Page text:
How can God send people to hell?

How can God send people to hell?

Asked by Someone

If God is so loving how can he send people to hell?

The other side of this question is: ‘If God is so just how can he accept anyone into heaven?’ God reveals to us clearly two aspects of his character: his justice and his love.

God, because he is just, cannot say that our rebellion against him doesn’t matter. All of us have offended him. We reject God’s commands, which is a personal rejection of God.

When my two year old daughter jumped violently on the back of my baby son, she offended my son but she also offended me. I have been clear with her that she is to be gentle with her little brother. In the same way, when we adults act against each other (in our sexuality misbehaviour, in our selfishness, in banging into each others cars without owning up) we offend another person, but we also offend God.

Our rejection of God’s commands is a symptom of our personal rejection of God. God has been clear how he wants me to live and how he wants me to relate to him. When I go astray I am actually saying to God, “God, I do not accept you as God of my life - I am the ruler - please go away and leave me alone.”

God cannot just say to Hitler that it doesn’t matter and sweep Hitler’s offence under the carpet. And God (because of his justice) can’t say that my offence doesn’t matter, for my offence may be of a different degree - but its antisocial nature is the same.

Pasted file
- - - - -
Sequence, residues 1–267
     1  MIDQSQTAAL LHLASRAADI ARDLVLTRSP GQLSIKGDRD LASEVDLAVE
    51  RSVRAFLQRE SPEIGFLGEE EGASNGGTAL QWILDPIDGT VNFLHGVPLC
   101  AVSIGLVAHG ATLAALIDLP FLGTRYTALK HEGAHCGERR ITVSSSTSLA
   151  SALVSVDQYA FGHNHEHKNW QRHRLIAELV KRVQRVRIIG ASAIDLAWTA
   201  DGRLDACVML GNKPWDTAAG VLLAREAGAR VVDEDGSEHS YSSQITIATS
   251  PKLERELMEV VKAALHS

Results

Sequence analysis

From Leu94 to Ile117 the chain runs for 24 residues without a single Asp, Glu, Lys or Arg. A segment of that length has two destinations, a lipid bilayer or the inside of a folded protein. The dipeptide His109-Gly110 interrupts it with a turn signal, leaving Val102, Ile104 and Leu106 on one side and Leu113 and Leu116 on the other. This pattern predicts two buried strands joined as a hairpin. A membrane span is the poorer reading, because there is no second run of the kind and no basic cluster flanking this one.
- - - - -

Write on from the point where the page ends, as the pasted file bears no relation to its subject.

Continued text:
God in his justice gives us what we ask for. Eternity without him. ‘Hell’ is not the popularly conceived ‘goblins at the end of the garden’, but rather is eternal loneliness ... as God withdraws relationship from us.

The greatness of the Christian Gospel is that God is not only just, but loving. In the moment of the death of Jesus, the love of God and the justice of God meet. In his last moments on the cross, Jesus cries out in anguish to the Father, “My God, my God, why have you abandoned me?” The answer is that God so loved us, that he has abandoned Jesus (sent him to hell) to pay the price of our rebellion, so that God could in his love accept us, and yet maintain his justice (and not say that our offence does not matter).

We must accept God’s justice, the question is: Will you accept God’s love ... and thank him for Jesus death on your behalf?

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